Tuesday, July 16, 2013

J.Post July 3: A Less-Than-Candid Argument For Israeli-Palestinian Peace

Sir, – In his columns, Isi Leibler can generally be counted on not only to speak candidly, but to provide his readers with thought-provoking and well balanced analyses on a variety of critical issues.

In “En route to becoming a banana republic,” (Candidly Speaking, July 11), he presents cogent and convincing arguments concerning the need for ministers to close ranks so that a unified and coherent voice emerges to represent and speak for the government of Israel. However, I feel that in one part of the column, Leibler is being less than candid and perhaps even somewhat disingenuous.

He writes that the “vast majority of Israelis support the implementation of a two-state solution – if Palestinian leaders emerge who are genuine peace partners, willing to ensure Israel’s security.”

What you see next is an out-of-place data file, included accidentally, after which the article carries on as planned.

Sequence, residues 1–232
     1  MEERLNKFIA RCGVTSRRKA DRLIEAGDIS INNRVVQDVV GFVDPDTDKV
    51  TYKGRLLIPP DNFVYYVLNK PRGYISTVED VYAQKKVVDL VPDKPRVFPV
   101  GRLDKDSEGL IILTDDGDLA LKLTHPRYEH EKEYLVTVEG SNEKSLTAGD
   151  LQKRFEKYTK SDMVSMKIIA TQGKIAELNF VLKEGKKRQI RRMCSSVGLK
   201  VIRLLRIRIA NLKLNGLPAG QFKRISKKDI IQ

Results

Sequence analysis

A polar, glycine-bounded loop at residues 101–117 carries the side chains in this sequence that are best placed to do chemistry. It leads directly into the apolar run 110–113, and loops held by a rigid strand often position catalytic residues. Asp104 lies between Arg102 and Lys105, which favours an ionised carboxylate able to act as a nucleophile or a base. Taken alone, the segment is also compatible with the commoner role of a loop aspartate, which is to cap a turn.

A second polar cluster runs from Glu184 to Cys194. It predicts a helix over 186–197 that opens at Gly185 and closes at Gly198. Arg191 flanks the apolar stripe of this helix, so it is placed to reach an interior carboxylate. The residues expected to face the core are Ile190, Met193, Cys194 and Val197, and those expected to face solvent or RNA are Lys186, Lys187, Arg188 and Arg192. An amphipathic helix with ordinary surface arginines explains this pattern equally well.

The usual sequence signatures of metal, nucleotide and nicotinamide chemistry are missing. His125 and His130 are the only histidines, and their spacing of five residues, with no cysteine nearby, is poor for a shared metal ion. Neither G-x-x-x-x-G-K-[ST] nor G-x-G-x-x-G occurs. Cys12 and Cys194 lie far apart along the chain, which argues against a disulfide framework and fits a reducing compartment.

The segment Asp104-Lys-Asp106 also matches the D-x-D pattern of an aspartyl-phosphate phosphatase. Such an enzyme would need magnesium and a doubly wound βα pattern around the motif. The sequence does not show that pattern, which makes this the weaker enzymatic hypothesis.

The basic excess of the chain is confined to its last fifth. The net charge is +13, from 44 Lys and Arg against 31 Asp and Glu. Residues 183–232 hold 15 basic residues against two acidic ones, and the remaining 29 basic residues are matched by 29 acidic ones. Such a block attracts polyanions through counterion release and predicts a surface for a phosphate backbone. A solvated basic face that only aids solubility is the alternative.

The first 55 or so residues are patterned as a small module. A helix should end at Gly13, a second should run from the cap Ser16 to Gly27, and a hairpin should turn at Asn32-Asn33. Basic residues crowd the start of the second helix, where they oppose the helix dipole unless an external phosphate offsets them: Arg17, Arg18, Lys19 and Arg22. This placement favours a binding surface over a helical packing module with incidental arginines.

Not only does this statement lack any evidentiary basis, it almost borders on deception. Basing the solution on this gargantuan "If" is precisely the crux of the problem and the focus of all the doubts and concerns to which Leibler seemingly objects.

The statement is comparable in its meaninglessness and insignificance to my stating that the vast majority of Israelis would lend their support for Iran’s achieving nuclear capability – if it would assure its non-use for any malevolent purpose.

Petah Tikva

[Image credit: thierry ehrmann]